First the bad news , at least as far s some fans of the Premier League is concerned. VAR is here to stay.
The video technology which helps decide whether goals should stand or not, as well as helps with other on-field decisions such as potential red card incidents, will be used for the third season beginning next month when Brentford and Arsenal kick the new campaign off.
The good news is that those in charge of it have listed to the criticism and have promised improvement this time round.
It is unlikely that the Premier League can get to that standard for the season ahead, but there have been concrete changes announced to make things better.
VAR, after all, was meant to eliminate controversy, and make the game more transparent and open.
Instead, it has had the opposite effect or some, provoking endless debates about whether somebody’s armpit or fingernail was offside, with sometimes seemingly endless waits for a decision to be made by unseen officials sat in an office on the outskirts of London.
One of the biggest joys in football is scoring a gaol but people have become afraid to celebrate for fear of it being subsequently ruled out for something that might have happened much earlier in the move and may have had no impact on the final outcome.
One of the pleasures from watching the Euros this summer was the fact that, although VAR was used, it was almost invisible. Checks were made quickly and unobtrusively and many fans may not have realised that the technology was in use at all.
One of those, which was approved by soccer’s law making body, the International Football Association Board in March, is the use oi wider offside lines. These should help eliminate some of the more marginal calls that anger players, managers, and fans alike, and should give more of an advantage to the attacking team.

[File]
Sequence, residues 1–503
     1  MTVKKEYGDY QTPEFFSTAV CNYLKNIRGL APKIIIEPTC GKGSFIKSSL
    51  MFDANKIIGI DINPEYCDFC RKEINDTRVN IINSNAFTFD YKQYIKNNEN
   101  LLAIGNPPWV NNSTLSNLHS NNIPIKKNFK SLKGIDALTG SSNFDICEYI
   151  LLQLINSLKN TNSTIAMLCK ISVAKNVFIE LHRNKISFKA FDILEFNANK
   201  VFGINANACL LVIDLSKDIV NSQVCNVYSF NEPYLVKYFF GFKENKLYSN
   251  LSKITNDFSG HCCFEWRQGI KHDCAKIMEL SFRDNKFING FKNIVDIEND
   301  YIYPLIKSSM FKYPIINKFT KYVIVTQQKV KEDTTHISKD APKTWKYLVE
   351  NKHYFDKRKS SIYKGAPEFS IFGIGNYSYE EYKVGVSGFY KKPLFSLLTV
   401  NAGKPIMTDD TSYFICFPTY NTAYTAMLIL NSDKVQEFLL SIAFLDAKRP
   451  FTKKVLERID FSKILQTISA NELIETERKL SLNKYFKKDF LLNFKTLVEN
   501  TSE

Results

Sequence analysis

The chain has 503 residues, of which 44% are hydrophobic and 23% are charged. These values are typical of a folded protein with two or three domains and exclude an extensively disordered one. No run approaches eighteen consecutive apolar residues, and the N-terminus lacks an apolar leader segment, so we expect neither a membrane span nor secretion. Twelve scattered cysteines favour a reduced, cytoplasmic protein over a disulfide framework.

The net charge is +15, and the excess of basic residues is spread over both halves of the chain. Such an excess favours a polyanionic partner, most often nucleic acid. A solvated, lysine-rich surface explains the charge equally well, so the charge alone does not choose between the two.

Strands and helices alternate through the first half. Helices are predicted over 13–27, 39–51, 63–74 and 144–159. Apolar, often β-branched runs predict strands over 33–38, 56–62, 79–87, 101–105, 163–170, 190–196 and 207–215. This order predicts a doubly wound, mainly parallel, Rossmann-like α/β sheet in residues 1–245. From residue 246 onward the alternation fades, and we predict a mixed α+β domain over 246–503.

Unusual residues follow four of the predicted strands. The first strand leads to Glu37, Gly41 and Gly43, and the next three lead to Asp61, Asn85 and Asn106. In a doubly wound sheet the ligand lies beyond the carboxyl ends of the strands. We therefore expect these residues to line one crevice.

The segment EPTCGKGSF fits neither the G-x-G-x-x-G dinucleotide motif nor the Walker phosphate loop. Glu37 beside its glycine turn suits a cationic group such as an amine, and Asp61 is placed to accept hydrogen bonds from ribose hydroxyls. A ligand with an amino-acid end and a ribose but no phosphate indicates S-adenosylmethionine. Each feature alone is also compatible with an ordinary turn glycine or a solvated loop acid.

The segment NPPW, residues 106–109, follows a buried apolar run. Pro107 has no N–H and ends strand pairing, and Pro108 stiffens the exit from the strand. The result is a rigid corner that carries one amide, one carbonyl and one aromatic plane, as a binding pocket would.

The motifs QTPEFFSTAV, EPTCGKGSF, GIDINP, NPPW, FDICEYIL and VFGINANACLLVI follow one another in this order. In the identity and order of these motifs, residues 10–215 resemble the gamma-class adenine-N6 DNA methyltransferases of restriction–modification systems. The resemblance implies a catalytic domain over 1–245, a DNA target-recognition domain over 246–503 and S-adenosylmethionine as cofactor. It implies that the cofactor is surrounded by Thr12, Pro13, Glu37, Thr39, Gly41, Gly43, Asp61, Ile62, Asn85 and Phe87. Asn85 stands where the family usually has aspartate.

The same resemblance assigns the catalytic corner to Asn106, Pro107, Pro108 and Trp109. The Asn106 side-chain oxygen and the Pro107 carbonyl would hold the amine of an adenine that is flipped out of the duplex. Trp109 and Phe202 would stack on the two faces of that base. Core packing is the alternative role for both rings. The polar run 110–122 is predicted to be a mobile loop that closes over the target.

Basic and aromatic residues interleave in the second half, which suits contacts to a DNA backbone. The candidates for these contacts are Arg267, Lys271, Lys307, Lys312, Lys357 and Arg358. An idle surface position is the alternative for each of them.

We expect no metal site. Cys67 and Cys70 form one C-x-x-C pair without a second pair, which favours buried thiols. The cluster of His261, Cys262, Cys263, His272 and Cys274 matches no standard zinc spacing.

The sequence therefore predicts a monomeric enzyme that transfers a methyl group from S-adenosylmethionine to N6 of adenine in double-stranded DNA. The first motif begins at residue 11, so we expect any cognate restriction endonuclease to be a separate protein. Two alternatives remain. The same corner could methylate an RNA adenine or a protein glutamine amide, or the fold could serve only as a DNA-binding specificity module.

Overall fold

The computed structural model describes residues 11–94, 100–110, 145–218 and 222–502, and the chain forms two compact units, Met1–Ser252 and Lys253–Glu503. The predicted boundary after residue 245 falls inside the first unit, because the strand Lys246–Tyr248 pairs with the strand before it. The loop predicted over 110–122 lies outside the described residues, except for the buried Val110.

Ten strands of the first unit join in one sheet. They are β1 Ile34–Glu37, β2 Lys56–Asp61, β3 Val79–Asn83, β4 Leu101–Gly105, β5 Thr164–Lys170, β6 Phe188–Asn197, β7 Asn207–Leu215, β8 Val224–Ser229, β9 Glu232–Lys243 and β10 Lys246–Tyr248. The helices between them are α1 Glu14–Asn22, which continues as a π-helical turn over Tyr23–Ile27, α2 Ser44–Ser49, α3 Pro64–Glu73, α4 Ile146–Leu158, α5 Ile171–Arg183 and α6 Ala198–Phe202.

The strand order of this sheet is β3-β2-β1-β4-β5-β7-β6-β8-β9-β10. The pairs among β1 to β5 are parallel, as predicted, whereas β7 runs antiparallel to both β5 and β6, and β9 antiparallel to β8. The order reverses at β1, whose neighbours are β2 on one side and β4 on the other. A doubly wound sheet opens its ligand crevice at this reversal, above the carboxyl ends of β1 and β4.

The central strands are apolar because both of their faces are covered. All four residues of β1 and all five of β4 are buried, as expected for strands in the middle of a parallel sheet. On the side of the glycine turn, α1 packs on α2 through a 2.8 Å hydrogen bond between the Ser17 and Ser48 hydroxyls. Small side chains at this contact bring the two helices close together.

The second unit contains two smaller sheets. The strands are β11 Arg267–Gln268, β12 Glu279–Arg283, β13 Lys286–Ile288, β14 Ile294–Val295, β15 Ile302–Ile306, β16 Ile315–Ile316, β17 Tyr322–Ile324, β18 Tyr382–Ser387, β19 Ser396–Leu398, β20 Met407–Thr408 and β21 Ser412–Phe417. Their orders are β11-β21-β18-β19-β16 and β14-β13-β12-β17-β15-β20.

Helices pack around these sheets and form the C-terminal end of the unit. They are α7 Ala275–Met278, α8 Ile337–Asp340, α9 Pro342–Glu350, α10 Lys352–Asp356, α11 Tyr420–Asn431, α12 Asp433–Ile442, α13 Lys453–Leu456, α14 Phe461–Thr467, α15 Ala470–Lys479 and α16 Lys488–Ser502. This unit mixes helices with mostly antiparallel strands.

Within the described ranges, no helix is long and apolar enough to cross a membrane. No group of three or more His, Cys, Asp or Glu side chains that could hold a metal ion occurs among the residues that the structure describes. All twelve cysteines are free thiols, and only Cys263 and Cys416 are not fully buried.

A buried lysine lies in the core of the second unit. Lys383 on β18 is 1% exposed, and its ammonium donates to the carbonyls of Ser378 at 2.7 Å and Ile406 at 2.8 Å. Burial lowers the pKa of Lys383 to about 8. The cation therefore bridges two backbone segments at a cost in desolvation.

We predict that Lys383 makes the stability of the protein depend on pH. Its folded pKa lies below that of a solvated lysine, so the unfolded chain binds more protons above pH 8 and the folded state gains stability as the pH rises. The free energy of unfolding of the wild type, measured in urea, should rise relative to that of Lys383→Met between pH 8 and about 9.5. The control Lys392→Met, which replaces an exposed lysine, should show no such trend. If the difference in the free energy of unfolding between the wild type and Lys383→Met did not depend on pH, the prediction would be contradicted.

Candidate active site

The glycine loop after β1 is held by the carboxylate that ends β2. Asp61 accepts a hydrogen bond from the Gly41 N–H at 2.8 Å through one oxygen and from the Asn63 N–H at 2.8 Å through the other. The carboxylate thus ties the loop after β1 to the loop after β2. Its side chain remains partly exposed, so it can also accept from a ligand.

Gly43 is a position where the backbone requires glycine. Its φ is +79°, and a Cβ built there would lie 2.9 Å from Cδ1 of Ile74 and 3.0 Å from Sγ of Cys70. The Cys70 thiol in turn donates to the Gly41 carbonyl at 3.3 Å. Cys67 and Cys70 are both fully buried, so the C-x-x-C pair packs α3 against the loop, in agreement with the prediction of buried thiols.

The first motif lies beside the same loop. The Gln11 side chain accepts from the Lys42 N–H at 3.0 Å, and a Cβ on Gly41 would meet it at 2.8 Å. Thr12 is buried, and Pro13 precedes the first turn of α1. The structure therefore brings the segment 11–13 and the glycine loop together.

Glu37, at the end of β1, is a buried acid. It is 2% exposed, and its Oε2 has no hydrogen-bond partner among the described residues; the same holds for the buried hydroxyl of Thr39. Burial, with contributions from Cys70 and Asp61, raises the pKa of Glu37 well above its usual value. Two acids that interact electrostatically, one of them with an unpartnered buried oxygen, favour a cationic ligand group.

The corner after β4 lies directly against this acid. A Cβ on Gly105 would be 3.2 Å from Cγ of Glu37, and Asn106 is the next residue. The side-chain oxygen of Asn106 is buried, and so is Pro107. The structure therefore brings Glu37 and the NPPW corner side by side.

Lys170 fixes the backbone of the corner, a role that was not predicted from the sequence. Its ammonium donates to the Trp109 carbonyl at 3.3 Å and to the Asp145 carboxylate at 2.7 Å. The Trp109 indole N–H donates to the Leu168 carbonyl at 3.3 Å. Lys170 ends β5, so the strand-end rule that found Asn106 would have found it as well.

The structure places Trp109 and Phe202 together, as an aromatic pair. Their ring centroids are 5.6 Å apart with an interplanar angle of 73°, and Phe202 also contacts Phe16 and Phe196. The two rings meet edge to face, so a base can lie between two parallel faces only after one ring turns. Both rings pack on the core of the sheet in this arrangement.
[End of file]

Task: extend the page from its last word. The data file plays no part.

Nor will views be shown the lines calibrated on the screen, which were intended to aid transparency but ended up causing added confusion.
Another change to the law that will help concerns accidental handball. No longer will a handball where there is no intent and which leads to a goal being scored or a chance created be considered an offence.
This was first introduced during this summer’s Euros, and the tournament was notable for the very few contentious handball decisions that arose.
One thing that helped officials reach decisions faster during the Euros was the sheer number of them. In addition to the head VAR official there was also an assistant VAR referee, and one specifically tasked to look at offsides. In addition, there were three other operators and a VAR support assistant.
The Premier League from their office in Stockley Park,. Will continue to involve only three people – a VAR, and assistant VAR, and a repay operator, although they do now have a dedicated VAR official for the first time in the form of now retired referee Lee Mason.
Nobody is pretending VAR is perfect yet. However, if it can be a little less awful in the Premier League season ahead, that would be a start!
Andy is an exiled English football fan living in Cyprus. He loves all sports but football is his abiding passion, and he still has dreams every now and then about scoring the winning goal in a Wembley Cup Final, even though his playing days are long gone. He follows most major leagues, across Europe at least, and has a favoured team in each. When he’s not watching, listening, reading or downloading podcasts about football, he spend his time worrying about his beloved Arsenal.